Abuse in adult relationships
Learn about the different forms of abuse in relationships and where to ...
Your friend may be in an abusive relationship if their partner engages in some or all of these behaviours:
People are more likely to confide in a trusted friend for support.
It can be hard to know what to do or say, but here are some things that can help:
Listen openly, without interrupting.
Explore support options – this can help you understand if they have professional supports.
Validate and normalise, e.g. “Talking about this must be really difficult. It’s normal to feel confused.”
Ask questions, e.g. “How are things between you and your partner?”, “I’ve noticed changes in you, like bruises. How did these happen?”
Explain that what they’ve described sounds like an abusive relationship and that this behaviour is not ok, e.g. “It’s not ok you have experienced this and no one deserves to be treated this way.”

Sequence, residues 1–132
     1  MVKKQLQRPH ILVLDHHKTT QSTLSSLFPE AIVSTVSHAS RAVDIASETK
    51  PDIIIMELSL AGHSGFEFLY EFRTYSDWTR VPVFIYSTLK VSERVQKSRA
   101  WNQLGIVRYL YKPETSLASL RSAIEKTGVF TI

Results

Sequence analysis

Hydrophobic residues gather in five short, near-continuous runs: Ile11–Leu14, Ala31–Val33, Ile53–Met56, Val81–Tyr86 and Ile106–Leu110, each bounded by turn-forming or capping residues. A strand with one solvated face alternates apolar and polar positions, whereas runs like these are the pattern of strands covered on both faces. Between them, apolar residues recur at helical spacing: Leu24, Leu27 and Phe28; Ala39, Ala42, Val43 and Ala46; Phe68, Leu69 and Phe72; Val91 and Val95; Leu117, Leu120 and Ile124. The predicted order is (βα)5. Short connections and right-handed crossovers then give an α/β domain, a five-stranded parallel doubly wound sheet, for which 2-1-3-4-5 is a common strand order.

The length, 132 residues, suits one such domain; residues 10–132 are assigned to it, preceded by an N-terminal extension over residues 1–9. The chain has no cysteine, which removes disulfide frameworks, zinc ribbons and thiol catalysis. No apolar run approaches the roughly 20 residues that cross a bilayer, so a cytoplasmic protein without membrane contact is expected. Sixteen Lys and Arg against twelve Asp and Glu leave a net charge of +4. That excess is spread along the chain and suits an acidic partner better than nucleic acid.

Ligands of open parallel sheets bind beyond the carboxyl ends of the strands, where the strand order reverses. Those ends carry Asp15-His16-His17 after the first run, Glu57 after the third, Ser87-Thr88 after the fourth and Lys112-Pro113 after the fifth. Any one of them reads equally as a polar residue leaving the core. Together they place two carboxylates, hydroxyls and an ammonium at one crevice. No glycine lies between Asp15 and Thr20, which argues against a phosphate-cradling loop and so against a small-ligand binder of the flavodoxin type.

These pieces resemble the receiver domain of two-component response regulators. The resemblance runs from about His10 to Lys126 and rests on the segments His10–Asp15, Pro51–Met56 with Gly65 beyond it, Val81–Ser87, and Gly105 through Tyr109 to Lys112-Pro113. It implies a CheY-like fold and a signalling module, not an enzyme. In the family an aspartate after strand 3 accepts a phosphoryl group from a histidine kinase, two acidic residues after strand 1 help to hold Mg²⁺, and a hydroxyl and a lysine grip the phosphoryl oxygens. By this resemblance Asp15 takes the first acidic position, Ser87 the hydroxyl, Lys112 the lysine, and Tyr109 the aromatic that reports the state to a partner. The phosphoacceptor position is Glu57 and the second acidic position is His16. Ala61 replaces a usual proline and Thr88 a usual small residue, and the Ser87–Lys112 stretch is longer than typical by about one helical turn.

Support them to access professional support – you’re not a counsellor and aren’t expected to have all the answers.
Some things can shut down the conversation. Try to avoid doing and saying these things:
Filling in the story/making assumptions, e.g. “Did they kick you?”
Asking too many questions or pressuring for details
Expressing anger at the abuser
Confronting the abuser (as this can make things worse)
Making promises you can’t keep, e.g. “I won’t tell anyone.”
Questions or statements that might make them feel they are to blame, such as, “Did you scream for help?”
A person who is being abused can take steps to try to avoid violence, but they cannot stop the violence.
The only person who can stop the violence is the abuser.
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